Later in the narrative of Genesis 39, the woman ramps up her pursuits to another level and tries to take Joseph to bed by force. When the whole world would have said things such as, “Well, what’s a man to do? No one would blame him for going to bed with her. She gave him no option. . .” Joseph does what is right in God’s eyes and flees from evil. And, before you think that just because you are moral and do what is right that things will always go well for you, we are told that the woman framed Joseph with his garment that she stole from him and claimed that he tried to take advantage of her! Joseph cannot catch a break! He suffered for doing what was right. Yet, even in prison, we learn that the Lord was with Joseph and showed him mercy. Let us also do what is right despite the consequences so that our consciences may be clear, so that we may glorify God in a crooked generation, and so that we might find favor in the eyes of God no matter what others may think.

Praise to God—Our Christian Duty

Praise to God—Our Christian Duty
May 20, 2019

Heb 13:15 says, “Therefore by Him let us continually offer the sacrifice of praise to God, that is, the fruit of our lips, giving thanks to His name.”

One of the chief duties that every Christian is to fulfill is the worship of the living God. Believers from the very beginning of creation until now have been those who offered sacrifices of praise to God. There have been many different ways that this praise has been offered through the centuries, from the early days before the Law to the times of Israel when the people gathered in the Temple. The Church also continued to worship after the resurrection of Christ and found that they could at any place and time.

One aspect of biblical worship which seems to be consistent throughout human history is using our voices to praise God’s name. As another commenter affirms, “The OT sacrificial system has been set aside, but our grateful worship should still overflow to God” (ZSB).

Now, we are talking about Christian worship. Notice that the sacrifice of praise to God the Father is to be continually offered “in Him,” that is, through Jesus Christ. So, we no longer offer physical sacrifices, but we do continue to offer spiritual sacrifices which are pleasing to God. Jesus has laid down His life on our behalf, making peace between us and God through the forgiveness and cleansing of our sins. And on the basis of Jesus’ once-for-all sacrifice, we now offer the spiritual sacrifice of praise to God’s name.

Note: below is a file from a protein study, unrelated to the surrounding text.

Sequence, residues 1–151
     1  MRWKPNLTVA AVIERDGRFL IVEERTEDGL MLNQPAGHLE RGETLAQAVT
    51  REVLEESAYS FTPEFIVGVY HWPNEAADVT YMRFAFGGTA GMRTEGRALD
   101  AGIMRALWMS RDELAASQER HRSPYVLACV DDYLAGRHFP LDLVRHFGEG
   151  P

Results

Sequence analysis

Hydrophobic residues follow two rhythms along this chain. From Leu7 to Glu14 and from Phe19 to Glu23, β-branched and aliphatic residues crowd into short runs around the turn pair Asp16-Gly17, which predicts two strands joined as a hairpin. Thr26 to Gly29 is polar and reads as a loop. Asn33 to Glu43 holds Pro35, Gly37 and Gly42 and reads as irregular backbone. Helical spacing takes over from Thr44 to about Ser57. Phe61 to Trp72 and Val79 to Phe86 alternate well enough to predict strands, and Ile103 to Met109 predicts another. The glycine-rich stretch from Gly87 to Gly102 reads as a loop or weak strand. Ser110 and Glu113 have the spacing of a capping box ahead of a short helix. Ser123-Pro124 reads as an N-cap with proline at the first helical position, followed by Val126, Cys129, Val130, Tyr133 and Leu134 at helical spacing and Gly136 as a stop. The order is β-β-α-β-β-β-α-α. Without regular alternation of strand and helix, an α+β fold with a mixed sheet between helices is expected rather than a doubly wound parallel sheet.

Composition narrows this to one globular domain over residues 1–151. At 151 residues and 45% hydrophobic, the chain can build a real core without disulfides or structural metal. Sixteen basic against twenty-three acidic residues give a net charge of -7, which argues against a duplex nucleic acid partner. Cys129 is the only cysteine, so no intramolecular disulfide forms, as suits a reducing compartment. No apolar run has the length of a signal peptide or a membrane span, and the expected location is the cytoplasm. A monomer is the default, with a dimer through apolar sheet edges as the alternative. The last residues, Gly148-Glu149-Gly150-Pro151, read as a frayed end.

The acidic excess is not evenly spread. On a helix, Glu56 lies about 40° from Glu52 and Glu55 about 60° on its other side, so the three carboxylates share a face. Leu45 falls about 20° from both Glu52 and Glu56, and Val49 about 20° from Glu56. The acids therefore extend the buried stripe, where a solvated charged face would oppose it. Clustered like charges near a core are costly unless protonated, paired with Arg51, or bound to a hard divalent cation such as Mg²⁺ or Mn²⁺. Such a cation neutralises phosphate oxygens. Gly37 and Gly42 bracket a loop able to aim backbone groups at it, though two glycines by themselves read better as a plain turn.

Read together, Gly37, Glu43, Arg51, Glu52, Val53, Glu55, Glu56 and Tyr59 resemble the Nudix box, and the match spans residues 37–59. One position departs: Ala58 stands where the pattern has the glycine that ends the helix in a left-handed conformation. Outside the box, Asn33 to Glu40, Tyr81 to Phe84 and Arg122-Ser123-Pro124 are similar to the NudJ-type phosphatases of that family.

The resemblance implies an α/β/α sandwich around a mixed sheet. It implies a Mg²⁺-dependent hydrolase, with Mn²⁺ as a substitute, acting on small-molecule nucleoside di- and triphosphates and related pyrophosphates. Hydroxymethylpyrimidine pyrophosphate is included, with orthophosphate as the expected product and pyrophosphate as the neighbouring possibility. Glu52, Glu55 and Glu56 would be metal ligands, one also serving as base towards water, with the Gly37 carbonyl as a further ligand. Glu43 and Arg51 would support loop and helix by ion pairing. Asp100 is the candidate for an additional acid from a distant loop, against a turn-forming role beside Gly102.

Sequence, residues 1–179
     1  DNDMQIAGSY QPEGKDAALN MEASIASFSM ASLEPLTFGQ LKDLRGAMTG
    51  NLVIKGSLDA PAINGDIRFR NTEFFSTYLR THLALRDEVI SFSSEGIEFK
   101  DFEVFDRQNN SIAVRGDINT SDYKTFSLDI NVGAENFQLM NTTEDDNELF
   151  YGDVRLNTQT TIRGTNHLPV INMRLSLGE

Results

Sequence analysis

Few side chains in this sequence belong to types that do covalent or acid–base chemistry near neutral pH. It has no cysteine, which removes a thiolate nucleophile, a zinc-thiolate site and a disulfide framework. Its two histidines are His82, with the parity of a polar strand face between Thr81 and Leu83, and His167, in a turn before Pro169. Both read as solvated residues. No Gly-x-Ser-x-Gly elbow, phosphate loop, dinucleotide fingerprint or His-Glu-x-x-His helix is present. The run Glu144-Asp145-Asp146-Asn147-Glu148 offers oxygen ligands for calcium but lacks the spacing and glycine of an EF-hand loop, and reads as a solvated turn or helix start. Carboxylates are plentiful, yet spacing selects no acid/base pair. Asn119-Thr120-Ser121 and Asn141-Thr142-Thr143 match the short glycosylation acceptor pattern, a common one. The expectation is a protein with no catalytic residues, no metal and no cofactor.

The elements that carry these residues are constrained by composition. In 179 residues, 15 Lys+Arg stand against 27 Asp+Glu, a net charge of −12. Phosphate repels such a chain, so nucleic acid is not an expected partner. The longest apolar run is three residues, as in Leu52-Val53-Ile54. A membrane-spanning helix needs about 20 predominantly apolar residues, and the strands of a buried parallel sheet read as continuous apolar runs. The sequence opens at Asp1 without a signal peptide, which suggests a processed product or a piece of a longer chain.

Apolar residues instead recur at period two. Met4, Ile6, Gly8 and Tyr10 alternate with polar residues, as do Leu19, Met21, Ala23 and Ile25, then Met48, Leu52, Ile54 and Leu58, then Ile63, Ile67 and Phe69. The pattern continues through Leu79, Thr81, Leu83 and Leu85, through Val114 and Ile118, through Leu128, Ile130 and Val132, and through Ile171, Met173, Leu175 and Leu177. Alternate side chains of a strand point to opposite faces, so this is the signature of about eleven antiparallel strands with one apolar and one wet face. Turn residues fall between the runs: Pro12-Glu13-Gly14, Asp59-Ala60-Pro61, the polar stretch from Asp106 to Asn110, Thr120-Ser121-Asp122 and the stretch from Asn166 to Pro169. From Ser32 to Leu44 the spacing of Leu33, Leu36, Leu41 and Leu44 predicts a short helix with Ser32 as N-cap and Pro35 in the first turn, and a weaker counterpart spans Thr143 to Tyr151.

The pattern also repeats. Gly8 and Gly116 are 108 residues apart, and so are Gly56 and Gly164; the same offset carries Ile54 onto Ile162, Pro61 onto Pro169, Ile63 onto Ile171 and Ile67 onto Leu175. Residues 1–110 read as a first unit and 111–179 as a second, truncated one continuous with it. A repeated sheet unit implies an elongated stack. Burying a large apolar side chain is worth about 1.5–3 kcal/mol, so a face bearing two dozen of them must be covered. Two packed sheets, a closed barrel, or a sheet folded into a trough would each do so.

The primary ways in which we praise God today are through sacrificing our time and energy to be in the assembly to praise His name through song and other affirmations in the company of the saints, and we also sacrifice whatever it takes to confess God’s glory in the public square, whether pride, reputation, or any of the like. This is a continual activity for the Christian. Therefore, let us not give up praising God on Sundays and every day in between.

Key Values for Ministry

Key Values for Ministry

#1 Biblical (2 Timothy 3:14-17)

The foundational statement that should be made is that my vision for ministry is biblical.  I believe that the 66 books of the Christian Scriptures are the uniquely inspired word of God.  They are all believers need for things concerning life, faith, and salvation.  With such a high view of Scripture, I am led to study, teach, and preach the Bible with great dedication.  Each time I approach the pulpit, I do so with one goal in mind: to help God’s people better understand His holy word.  Our preaching/teaching, worship, and various ministries should be solidly based upon the Scriptures.

#2 Christ-Centered (1 Corinthians 2:1-2)

Second, ministry should be Christ-centered.  If we truly believe what the Scriptures teach, that Christ has died for sin once for all, then why would we bother with anything else?  He should be treasured above all else because He has done what we could not.  He has saved us from our sins, from this present wicked age, and from the wrath to come.  We should want to grow in the grace and knowledge of our Lord Jesus Christ.  I am thoroughly convinced that the entire Old Testament points forward to Jesus Christ.  He is the fulfillment of all of what God said in time past.  The Old Testament was bringing us to Him in due time.  The New Testament, then, expounds upon the person and work of Jesus Christ while explaining how that directly and indirectly effects us.  Therefore, Christ is at the center of all the holy writings, and He should be at the very heart of all that we do in our ministries.